Corn, Soybeans Fall to Lowest Level in Nearly Three Years
NEW YORK — The price of corn fell to the lowest in almost three years the forecast for rain in the Plains region boosted the outlook for this year’s crop.
The cooler, wetter weather will be particularly helpful for this year’s crop because corn is currently in its crucial pollination season. The weather in the corn-growing states of the U.S. this summer is in stark contrast to the drought that the region experienced last year.
“It’s expected to be cooler than normal. That’s going to be helpful (for the crop), especially for areas that are a little short on moisture,” said Art Liming, a futures specialist at Citigroup.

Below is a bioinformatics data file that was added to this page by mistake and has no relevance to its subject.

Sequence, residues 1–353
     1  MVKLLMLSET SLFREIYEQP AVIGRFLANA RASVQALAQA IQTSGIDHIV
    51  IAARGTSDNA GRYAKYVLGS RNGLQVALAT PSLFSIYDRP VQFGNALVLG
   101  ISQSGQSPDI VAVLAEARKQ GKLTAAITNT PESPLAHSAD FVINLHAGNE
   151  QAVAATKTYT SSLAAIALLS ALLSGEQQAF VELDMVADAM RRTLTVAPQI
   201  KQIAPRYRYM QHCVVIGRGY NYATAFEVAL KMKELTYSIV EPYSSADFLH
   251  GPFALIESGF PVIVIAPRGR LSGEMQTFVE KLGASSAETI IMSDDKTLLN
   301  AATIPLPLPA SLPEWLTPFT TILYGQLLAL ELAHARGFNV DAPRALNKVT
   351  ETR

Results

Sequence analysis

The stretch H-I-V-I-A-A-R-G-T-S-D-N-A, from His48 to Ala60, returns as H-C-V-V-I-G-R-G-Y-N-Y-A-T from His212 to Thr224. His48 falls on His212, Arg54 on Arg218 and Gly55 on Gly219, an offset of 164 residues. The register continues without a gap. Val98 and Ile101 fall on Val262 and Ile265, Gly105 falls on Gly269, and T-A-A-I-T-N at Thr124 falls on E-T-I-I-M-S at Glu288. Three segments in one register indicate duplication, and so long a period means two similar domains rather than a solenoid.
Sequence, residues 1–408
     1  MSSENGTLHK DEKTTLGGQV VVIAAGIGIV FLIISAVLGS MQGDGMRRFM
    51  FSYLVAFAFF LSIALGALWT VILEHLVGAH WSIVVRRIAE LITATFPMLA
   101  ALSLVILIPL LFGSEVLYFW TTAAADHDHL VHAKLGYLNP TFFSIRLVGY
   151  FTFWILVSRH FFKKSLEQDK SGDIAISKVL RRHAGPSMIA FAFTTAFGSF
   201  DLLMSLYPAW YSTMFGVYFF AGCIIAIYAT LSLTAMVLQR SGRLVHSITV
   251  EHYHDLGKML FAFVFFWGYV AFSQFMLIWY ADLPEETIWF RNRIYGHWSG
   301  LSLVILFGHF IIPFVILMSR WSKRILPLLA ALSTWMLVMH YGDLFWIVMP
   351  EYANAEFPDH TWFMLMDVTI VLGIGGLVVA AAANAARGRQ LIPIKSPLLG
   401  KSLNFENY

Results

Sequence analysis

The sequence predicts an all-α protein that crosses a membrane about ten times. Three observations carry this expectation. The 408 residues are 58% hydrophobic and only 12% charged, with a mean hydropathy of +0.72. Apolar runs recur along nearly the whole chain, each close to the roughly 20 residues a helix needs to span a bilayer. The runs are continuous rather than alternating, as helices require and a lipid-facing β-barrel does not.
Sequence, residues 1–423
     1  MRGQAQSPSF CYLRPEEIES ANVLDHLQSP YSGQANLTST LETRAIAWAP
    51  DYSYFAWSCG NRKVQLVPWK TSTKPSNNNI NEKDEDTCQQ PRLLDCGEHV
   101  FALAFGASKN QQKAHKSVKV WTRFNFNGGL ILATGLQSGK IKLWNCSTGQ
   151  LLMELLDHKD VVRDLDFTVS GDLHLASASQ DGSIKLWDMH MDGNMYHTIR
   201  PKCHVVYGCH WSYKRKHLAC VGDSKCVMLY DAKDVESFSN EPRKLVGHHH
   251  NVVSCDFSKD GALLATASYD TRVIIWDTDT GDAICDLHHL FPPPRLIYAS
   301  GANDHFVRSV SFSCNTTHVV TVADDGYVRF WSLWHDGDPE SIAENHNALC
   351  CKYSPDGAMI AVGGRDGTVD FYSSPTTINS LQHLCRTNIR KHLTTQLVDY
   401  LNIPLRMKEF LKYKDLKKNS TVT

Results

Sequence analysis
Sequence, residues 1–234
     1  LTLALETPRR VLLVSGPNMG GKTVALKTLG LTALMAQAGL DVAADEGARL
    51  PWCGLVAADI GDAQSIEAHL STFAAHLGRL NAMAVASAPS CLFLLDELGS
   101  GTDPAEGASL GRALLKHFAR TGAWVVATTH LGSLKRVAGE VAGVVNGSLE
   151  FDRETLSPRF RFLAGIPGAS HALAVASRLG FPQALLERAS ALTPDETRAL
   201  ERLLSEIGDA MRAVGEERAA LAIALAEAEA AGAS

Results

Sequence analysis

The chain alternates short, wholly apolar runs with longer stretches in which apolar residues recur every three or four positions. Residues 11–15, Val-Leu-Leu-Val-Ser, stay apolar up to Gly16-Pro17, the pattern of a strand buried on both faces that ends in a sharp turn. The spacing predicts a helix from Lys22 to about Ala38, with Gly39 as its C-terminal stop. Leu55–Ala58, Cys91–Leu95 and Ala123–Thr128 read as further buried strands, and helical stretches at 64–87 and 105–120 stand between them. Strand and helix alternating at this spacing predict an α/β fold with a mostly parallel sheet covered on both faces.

Corn for December delivery fell 12 cents, or 2.5 percent, to $4.67 a bushel, its lowest price since Oct. 1, 2010. The price of corn has fallen 44 percent since surging as high as $8.39 a bushel last August.
The price of corn has moved lower since March 28 after the government reported that farmers intended to plant the most corn since 1936 this year. Prices have steadily dropped as the favorable weather has increased the likelihood of a big crop.
Other agricultural products also fell on Thursday.
November soybeans dropped 13.75 cents, or 1.1 percent, to $11.925 a bushel. September wheat fell 6.25 cents, or 0.9 percent, to $6.58 a bushel.
Source: Star Tribune